Cuba Street Portraits
Hi this is Jay P. Morgan. Today on The Slanted Lens we’re walking the streets of Cuba, taking street portraits of the people here. Not street photography- street portraits. I want people to look at the camera and interact with me while I take their portrait. The people here are fabulous. They are warm and inviting. They’re so enjoyable to meet and talk with. I’m sharing how I approach these quick, one-on-one street portraits that only take a few minutes as you walk with camera in hand. Let’s get started and see what we can do.
Equipment is Important
It’s basically just been Julene and I shooting here, so we packed accordingly. I’m carrying a Sony a7R II, and a Tamron 35mm and Tamron 24-70mm lens, depending on what I’m feeling that day. The Sony platform is great when we’re out like this because it’s so stinkin’ small. That’s one of the reasons I’ve been using it this entire trip.
I love this little Vanguard Alta Rise 48 backpack. I have the Sony attached to my Custom SLR camera strap here, and it’s incredibly easy to swing the backpack around, unzip it, drop the camera in, undo the strap, zip it back up, and go. This bag is very easy to work with.
Timing is Everything
I’ve got a camera with me most of the time when I’m out walking around. When you do street portraits it’s important to be bold. I’ve found that just after I’ve paid someone is a great time for me to ask to take his or her portrait. For instance, we’d just taken a four and a half hour taxi ride, paid the driver two hundred cup, and I asked, “Can I take your picture in front of the taxi?” Or when we went on a horseback ride up to the sugar cane. At the end of it we asked the guy if I could take some portraits of him. It’s the perfect time to ask to take pictures because whomever you’ve just paid is going to be very open to doing that.
Offer to Pay
Another option is to carry some money in your pocket. I’ll approach some person who’s sitting in a doorway, point at my camera and then at them, and say, “Can I take a picture?” Most people say sure, or sometimes they’ll say, “Pay me?” And so I’ll give them a dollar, or the local currency (in Cuba a cuc) and I’ll take some pictures of them. I get some great pictures that way.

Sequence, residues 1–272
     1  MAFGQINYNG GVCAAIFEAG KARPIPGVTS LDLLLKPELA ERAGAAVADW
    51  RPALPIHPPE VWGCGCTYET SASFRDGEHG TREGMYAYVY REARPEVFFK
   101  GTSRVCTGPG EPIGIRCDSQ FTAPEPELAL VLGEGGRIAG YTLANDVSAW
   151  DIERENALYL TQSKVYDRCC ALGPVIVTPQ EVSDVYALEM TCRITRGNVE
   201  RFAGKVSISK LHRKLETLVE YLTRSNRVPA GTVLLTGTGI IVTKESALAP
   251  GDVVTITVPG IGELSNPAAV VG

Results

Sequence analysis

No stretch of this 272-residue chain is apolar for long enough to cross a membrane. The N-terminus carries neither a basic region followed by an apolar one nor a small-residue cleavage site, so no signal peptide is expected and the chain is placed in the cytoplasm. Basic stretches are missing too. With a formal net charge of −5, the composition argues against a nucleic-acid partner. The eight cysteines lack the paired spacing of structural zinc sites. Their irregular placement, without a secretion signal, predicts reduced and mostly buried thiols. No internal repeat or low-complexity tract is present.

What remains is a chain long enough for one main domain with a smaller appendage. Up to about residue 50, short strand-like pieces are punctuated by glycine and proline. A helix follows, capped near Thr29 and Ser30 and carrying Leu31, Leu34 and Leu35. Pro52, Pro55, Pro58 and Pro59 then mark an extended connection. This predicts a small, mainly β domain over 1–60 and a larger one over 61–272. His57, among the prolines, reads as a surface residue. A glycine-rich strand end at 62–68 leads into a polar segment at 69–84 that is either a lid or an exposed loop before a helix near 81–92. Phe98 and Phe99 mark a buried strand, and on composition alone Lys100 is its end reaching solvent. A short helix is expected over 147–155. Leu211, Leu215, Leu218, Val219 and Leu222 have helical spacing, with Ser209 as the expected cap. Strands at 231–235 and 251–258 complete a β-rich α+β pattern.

Work with the Sun
Shooting as the sun is setting, I think, is the perfect time of day for street portraits. Just as the sun is starting to set, I get in there and I start to shoot. If I’m shooting during the day and it’s really bright, I stay on the shadow side of the street. A lot of times you’ll get light bouncing in from the bright side of the street, onto people’s faces.
Walk and talk to people. Some people say, “No, no, no picture.” Julene speaks Spanish, so that’s been really helpful. I also will just gesture to them and then to my camera, and ask if I can take their picture. Most of the time, if you walk up and talk to them, they’ll let you take their picture.
Come to Cuba with Us!
We’re at the end of our trip. We’ve been here in Cuba for ten days, and we’ve had a fabulous time. This country is a richly photographic. There are such great colors in the buildings, great cars. The old cars- it’s like stepping back into time. I absolutely loved them.
I’d love for you to come back with me on a photo tour. If you’d like to come here and have a people to people experience, to be able to photograph the people of Cuba, and see this great country, let me know. Talk about it in the comments, send me an email. Let me know if you’d be interested in coming to Cuba with Julene and I, to do a little photo tour.
Keep those cameras rollin’ and keep on clickin’.
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